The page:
Page 20 - MetalForming August 2017
P. 20

 Servo Successes
Metalformers share their stories on how servo-mechanical stamping presses have opened doors in applications old and new, and how the technology positions them as leading-edge manufacturers for years to come.
The specific reasons for choosing servo-press technology are as varied as the specific advantages that the technology offers. Increased capabilities and productivity in stamp- ing advanced high-strength steels for automotive; a new servo unit that works as a hydraulic press in beast mode to take on traditionally hydraulic- press applications, as well as whatever new business may come through the doors; the ability to expand design pos- sibilities due to a servo press’s dwell capabilities; increased die life with reduced costs for press maintenance and energy usage; the ability to effi- ciently and precisely stamp aluminum automotive parts... the list goes on and on.
At the end of the day, what a servo press delivers can be described with a single word: flexibility.
In one press, metalformers can take on work once considered solely for a traditional mechanical or hydraulic press. A servo press will work with
materials of any strength, shaping them with features previously only accom- plished via secondary processes. In this age of custom manufacturing, with smaller runs and more numerous part types, flexibility is necessary.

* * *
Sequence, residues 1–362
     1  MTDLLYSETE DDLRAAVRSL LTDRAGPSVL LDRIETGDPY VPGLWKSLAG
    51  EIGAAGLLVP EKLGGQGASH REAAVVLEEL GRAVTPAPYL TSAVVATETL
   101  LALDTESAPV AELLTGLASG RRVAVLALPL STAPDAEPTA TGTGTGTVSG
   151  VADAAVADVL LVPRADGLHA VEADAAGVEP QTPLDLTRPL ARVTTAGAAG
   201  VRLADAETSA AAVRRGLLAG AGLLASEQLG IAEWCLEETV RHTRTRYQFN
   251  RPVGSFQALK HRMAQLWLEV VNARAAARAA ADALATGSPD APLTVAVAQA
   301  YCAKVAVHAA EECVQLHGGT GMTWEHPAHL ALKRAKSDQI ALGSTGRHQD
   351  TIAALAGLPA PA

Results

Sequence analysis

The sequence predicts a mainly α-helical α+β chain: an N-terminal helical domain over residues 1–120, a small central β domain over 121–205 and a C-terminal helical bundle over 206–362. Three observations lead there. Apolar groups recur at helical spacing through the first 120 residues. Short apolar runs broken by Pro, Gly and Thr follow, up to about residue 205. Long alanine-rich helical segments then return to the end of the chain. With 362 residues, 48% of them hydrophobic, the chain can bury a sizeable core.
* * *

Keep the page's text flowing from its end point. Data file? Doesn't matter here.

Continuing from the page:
Over the following pages, read how metalformers are making the flexibility of servo-driven presses work for them. Maybe you will find new ways in which the technology will work for you.
Yielding “Perfect Trim Conditions,” Servo Presses Tackle Advanced Steels
Large, big-bed, high-tonnage-capac- ity presses star at the E&E Manufac- turing of TN LLC facility in Athens, TN, opened in 2005 as an adjunct to the firm’s parent facility in Plymouth, MI. While the Michigan plant focuses pri- marily on production of seating and suspension components and assem- blies, as well as supplying stamped fas- teners and parts for military vehicles, the Tennessee facility fulfills a com-
pletely different mission.
“Here we run four big transfer press-
es, each with bed size in excess of 7300 mm and press tonnage greater than 2400 tons,” says TN-plant general man- ager Dan Scherle. “Much of our work goes to the German automotive OEMs— Volkswagen, BMW and Mercedes. We’ve been taking on larger portions of body and structural assemblies, stamping 0.7 to 4.5-mm-thick coated steels and advanced high-strength steels (AHSS).”
Aligning its pressroom capabilities with the requirements of its OEM cus- tomers led E&E, in 2014, to turn to servo-press technology, with the addi- tion of a Schuler 1650-metric-ton servo-transfer press supplied as a com- plete turnkey system with an integrated servo-driven shear and coil-feed line.
“We sought minimal integration decisions,” recalls Scherle, “and pre- ferred that Schuler, which manufactures all of the equipment we needed for the line, supply us with a turnkey cell. The leap to servo-based technology at that
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